Leigh Whannell In Talks To Direct Ryan Gosling’s ‘Wolfman’ At Blumhouse & Universal | Film News


Well, this makes sense. Leigh Whannell found huge success earlier this year with The Invisible Man, which led to Universal greenlighting some more fresh takes on their classic monsters.


Karyn Kusama is making a new Dracula movie, for example, and it was reported last month that Ryan Gosling had signed on to star in a new Wolfman movie.


At the time, the studio was reportedly circling Cory Finley (Thoroughbreds, Bad Education) to helm the film, but that has now changed.


Although Finley would have been a good choice, the studio has not overthought this, and has entered talks with Whannell himself to direct the film. If you’re looking to emulate the success of The Invisible Man, why not hire the person who made it?


The Invisible Man made $124 million worldwide on just a $7 million budget, and Whannell already had a good relationship with Blumhouse prior to that too, having written for the Insidious franchise and also directed sci-fi passion project Upgrade, which is now getting a TV follow-up.


Wolfman is reportedly on the fast-track with Universal distributing and Blumhouse producing alongside Gosling. Whannell will also write the treatment for the film based on an original idea with Lauren Schuker Blum and Rebecca Angelo (Orange Is The New Black) writing the script.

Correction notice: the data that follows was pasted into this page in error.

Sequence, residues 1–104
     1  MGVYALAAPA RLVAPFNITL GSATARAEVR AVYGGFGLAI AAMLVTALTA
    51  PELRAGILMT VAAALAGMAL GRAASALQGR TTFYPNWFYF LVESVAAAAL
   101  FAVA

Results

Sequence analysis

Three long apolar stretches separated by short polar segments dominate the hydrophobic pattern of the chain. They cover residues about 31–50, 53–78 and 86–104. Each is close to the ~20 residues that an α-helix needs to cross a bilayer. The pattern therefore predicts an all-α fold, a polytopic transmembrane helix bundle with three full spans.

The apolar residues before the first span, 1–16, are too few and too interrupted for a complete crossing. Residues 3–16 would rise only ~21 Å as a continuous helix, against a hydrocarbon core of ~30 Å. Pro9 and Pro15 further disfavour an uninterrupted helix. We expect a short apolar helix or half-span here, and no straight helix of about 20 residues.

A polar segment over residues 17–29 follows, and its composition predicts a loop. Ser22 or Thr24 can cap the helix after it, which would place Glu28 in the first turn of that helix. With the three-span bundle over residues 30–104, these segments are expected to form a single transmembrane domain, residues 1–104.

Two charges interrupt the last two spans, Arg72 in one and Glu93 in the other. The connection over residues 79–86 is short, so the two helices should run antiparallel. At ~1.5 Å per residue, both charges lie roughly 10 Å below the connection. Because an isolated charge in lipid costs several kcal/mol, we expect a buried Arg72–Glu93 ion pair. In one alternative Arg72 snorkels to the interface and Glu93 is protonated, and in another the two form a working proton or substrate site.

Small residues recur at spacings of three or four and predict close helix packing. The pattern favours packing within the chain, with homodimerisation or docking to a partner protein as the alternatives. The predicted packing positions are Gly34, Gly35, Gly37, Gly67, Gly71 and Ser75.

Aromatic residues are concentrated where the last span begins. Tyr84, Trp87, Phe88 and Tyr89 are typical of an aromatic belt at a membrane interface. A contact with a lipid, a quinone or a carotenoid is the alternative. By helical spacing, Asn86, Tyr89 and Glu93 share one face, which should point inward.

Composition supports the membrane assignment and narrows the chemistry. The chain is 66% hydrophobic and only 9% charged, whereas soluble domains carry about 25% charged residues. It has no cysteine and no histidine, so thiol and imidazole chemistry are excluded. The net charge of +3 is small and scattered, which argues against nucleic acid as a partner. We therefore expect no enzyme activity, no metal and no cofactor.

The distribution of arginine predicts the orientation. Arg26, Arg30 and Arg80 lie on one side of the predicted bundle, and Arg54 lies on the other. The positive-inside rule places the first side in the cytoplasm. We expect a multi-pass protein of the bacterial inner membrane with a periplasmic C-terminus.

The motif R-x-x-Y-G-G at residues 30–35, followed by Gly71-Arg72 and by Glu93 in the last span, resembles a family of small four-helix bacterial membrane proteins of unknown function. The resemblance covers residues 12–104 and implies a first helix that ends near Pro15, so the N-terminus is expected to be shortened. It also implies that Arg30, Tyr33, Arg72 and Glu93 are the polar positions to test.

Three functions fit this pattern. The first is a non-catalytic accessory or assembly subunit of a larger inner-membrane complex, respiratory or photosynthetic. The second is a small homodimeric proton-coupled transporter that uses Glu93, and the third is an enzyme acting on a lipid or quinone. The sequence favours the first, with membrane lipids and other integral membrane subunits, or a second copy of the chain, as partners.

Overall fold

Earlier reports suggested that the new Wolfman movie will be set in present day and feature a dark tone similar to the Jake Gyllenhaal thriller Nightcrawler and the classic 70s drama Network. Gosling will reportedly play an anchorman who gets infected, and may begin his transformation in front of news cameras.


This is obviously great news. It will be fascinating to see what Whannell and Gosling come up with, and it’s great that Universal is giving these projects to directors with vision like Whannell and Kusama; take existing IP and allow talented filmmakers to shape it into a fresh, contemporary films with only tangential links to the original character. A much preferable concept to remakes and belated sequels.



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